Mechanistic model for booster doses effectiveness in healthy, cancer, and immunosuppressed patients infected with SARS-CoV-2

Chrysovalantis Voutouri, C. Corey Hardin, Vivek Naranbhai, Mohammad R. Nikmaneshi, Melin J. Khandekar, Justin F. Gainor, Triantafyllos Stylianopoulos, Lance L. Munn, Rakesh K. Jain

Research output: Contribution to journalArticleResearchpeer-review

12 Citations (Scopus)


SARS-CoV-2 vaccines are effective at limiting disease severity, but effectiveness is lower among patients with cancer or immunosuppression. Effectiveness wanes with time and varies by vaccine type. Moreover, previously prescribed vaccines were based on the ancestral SARS-CoV-2 spike-protein that emerging variants may evade. Here, we describe a mechanistic mathematical model for vaccination-induced immunity. We validate it with available clinical data and use it to simulate the effectiveness of vaccines against viral variants with lower antigenicity, increased virulence, or enhanced cell binding for various vaccine platforms. The analysis includes the omicron variant as well as hypothetical future variants with even greater immune evasion of vaccine-induced antibodies and addresses the potential benefits of the new bivalent vaccines. We further account for concurrent cancer or underlying immunosuppression. The model confirms enhanced immunogenicity following booster vaccination in immunosuppressed patients but predicts ongoing booster requirements for these individuals to maintain protection. We further studied the impact of variants on immunosuppressed individuals as a function of the interval between multiple booster doses. Our model suggests possible strategies for future vaccinations and suggests tailored strategies for high-risk groups.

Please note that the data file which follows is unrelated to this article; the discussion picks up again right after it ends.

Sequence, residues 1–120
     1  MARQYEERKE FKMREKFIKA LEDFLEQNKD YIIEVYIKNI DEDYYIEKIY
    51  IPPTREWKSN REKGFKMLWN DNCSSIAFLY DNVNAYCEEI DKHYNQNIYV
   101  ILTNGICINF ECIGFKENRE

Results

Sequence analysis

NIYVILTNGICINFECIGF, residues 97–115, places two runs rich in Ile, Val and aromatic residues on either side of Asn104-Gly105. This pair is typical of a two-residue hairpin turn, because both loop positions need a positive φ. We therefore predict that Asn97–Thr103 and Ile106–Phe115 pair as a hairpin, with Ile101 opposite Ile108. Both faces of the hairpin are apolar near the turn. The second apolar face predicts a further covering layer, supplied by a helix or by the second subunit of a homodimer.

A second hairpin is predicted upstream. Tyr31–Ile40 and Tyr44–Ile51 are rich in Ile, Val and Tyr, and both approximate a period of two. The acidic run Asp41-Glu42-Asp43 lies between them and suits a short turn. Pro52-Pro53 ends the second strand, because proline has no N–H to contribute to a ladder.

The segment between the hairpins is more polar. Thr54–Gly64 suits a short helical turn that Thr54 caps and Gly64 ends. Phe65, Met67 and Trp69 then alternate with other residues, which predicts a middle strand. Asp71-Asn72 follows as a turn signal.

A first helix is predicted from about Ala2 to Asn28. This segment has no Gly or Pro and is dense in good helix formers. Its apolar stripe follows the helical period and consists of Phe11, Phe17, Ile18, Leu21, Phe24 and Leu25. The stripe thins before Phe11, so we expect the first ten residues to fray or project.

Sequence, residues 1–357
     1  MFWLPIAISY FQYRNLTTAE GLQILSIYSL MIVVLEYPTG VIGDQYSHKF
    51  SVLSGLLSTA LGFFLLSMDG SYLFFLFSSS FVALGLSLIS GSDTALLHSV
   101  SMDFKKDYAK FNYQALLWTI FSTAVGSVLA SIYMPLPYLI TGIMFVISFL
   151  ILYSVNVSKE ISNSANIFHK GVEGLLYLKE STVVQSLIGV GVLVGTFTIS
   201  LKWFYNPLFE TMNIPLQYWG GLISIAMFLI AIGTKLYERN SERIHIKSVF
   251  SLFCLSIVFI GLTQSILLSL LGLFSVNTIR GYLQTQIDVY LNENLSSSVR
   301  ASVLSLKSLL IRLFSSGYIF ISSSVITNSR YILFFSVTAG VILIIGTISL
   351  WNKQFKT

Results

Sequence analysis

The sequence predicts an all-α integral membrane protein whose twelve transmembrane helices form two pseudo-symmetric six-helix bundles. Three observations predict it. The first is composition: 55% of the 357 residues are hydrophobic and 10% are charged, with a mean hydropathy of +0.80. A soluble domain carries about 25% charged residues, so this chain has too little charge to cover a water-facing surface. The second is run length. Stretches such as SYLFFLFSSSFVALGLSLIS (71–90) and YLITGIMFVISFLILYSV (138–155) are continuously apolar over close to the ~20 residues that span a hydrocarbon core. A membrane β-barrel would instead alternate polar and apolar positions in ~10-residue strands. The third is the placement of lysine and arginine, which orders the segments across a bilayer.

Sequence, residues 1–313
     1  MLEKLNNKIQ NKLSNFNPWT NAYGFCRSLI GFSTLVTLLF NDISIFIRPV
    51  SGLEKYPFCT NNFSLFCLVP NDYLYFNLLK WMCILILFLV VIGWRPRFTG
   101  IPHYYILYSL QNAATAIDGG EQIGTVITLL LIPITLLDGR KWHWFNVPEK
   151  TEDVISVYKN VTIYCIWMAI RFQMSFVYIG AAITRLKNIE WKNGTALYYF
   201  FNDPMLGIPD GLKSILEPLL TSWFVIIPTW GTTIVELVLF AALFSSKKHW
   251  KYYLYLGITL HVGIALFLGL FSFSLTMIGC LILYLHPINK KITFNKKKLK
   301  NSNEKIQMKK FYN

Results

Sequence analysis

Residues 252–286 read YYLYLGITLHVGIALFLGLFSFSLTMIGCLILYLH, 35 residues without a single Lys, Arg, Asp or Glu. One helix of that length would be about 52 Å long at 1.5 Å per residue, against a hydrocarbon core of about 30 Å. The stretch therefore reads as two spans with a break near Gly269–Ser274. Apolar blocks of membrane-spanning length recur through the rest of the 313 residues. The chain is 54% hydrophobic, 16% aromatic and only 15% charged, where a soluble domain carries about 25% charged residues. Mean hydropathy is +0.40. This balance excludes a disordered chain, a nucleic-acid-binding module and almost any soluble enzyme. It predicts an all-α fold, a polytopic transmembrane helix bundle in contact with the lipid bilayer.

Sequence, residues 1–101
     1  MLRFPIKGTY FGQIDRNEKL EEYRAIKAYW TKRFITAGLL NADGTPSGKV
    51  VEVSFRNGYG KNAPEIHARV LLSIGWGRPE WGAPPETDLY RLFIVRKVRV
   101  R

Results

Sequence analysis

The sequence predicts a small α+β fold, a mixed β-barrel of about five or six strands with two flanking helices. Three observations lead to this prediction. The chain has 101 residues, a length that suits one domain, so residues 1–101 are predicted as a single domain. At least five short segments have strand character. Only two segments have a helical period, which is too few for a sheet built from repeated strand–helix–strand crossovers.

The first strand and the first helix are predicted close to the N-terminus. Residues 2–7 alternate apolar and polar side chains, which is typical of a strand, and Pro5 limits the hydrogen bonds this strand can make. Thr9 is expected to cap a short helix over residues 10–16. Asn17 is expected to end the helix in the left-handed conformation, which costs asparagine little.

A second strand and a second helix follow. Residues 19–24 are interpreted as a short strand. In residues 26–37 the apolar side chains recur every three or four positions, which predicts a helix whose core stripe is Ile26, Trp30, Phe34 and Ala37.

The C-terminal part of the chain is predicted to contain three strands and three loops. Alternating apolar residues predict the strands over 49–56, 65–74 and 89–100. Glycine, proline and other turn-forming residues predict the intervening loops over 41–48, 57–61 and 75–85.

Original languageEnglish
Article numbere2211132120
Number of pages12
JournalProceedings of the National Academy of Sciences of the United States of America
Issue number3
Publication statusPublished - 17 Jan 2023
Externally publishedYes


  • Ad26.COV2.S
  • BNT162b2
  • booster dose
  • mRNA1273
  • SARS-CoV-2

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